Wednesday, 6 April 2022

SOFR in 2022 Q1: slow progress

2022 was suppose to be the year where USD-LIBOR was only used for risk reduction. The end of Q1 has come and that has not happen. 

There has been progress on the LIBOR transition and on SOFR developments but they can only be qualified as "slow" and not all LIBOR transition goes in SOFR direction.

Let's start with the SOFR progress part. This is clearly visible in Figure 1 which displays the SOFR volume at LCH and as reported by ISDA (in Swap Info).

Figure 1: SOFR volume evolution and share among tenors.

The SOFR progress is clearly visible with the volume roughly tripling over the last 6 months.

On the LIBOR side, there has been a clear decrease in volume but far away of the one we would have expected from a"prohibition of new use" as decided by the FCA. Since the beginning of the year, the LIBOR volume represent roughly 31% of the USD 165 trn traded in USD derivatives at LCH. The weekly benchmarks shares are displayed in Figure 2. 

Figure 2: Weekly share of product types at LCH

One obvious feature of the market share, is that is the USD derivative market is not based on a pure LIBOR-SOFR transition, but there is a third major participant: EFFR. Even without the support of the regulators and without the automatic conversion of some LIBOR trades, EFFR represent around one third of the market. The EFFR trades are concentrated on the short end of the curve.

As explained in previous blogs, this is a problem for SOFR as the term SOFR rates (CME and IBA version) are currently not based on "level 1 waterfall" — quoted OIS in the interbank market. It makes the pricing and hedging of those terms rates and the associated basis, which in theory should be 0, relatively difficult.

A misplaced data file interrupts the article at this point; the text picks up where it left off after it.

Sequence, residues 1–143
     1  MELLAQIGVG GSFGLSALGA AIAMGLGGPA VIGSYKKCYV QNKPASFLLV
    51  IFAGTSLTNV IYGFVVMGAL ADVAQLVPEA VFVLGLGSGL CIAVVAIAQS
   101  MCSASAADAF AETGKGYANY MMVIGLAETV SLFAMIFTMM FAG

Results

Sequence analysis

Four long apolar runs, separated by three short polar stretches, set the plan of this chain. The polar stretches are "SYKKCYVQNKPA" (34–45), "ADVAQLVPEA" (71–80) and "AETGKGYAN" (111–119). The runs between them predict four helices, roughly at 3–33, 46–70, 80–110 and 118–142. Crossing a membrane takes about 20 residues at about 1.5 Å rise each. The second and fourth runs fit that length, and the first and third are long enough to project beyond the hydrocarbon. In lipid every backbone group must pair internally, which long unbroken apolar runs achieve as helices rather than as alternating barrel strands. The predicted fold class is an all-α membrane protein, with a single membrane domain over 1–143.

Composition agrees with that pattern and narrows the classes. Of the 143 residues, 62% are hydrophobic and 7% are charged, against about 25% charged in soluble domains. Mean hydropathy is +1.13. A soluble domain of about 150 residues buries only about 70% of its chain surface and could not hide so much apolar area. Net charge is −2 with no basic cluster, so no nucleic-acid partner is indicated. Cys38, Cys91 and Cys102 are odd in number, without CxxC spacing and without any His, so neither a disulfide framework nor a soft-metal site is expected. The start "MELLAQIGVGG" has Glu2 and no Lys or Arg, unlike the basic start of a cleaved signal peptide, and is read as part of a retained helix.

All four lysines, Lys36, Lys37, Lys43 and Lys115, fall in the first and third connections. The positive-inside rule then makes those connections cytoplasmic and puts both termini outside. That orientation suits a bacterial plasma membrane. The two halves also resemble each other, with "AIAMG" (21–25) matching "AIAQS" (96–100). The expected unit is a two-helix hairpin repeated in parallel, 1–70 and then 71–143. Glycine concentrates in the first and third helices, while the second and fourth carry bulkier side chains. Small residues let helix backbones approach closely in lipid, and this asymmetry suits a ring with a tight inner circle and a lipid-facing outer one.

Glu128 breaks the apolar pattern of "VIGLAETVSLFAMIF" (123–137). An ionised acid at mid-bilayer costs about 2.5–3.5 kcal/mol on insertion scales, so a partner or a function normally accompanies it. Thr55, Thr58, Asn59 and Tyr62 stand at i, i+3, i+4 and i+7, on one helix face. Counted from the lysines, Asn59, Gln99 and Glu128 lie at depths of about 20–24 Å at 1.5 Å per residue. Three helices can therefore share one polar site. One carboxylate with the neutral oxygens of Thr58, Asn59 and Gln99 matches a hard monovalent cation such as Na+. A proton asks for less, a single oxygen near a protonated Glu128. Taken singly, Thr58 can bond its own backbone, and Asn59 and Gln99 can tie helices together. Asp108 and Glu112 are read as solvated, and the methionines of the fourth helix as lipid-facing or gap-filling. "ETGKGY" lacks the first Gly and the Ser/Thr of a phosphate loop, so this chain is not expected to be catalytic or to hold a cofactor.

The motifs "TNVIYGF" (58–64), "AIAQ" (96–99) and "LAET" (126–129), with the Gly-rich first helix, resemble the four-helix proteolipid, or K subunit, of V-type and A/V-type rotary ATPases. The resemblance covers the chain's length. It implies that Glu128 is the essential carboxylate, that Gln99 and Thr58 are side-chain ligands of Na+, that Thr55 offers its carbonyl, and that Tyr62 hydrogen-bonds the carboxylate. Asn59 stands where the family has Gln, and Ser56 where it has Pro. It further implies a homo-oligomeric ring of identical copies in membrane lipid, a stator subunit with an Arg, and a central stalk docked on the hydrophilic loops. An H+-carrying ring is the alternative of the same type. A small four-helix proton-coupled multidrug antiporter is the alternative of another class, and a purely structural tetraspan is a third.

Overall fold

On the STIR futures side, the situation is not very different. SOFR is progressing and LIBOR is decreasing, but we are still very far way from a transition. EFFR is also playing a non-negligible role. The daily volumes over the last 6 months is displayed in Figure 3.

Figure 3: Daily volumes for STIR futures at CME.

We look at the STIR futures in two blocks: the 3 months futures and the 1 month futures. The 3 months are the most liquid and composed of three types: LIBOR, SOFR and BSBY. The daily share of SOFR has been between 12.4% and 42.5%, it has never been the most traded futures on any single day. The share of BSBY is anecdotic, between 0 and 1%. LIBOR is still by far the dominant futures with more than 70% of the average daily volume. The 1 month is composed of only two types: SOFR and EFFR. The daily share of SOFR is between 8.3% and 29.7%. Fed Funds futures are still largely dominating SOFR with with around 85% of the average daily volume.